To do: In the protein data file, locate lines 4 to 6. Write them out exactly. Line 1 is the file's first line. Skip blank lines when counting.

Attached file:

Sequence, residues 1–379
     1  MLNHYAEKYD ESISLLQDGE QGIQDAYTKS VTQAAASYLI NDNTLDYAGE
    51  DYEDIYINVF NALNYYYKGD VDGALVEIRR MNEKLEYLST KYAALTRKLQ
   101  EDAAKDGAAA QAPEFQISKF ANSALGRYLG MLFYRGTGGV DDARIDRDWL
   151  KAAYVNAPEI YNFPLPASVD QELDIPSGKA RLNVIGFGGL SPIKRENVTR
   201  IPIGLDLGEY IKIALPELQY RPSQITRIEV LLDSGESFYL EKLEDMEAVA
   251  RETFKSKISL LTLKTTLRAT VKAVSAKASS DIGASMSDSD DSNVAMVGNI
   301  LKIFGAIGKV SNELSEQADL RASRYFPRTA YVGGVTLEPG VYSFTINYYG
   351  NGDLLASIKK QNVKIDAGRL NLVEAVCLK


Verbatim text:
   101  EDAAKDGAAA QAPEFQISKF ANSALGRYLG MLFYRGTGGV DDARIDRDWL
   151  KAAYVNAPEI YNFPLPASVD QELDIPSGKA RLNVIGFGGL SPIKRENVTR
   201  IPIGLDLGEY IKIALPELQY RPSQITRIEV LLDSGESFYL EKLEDMEAVA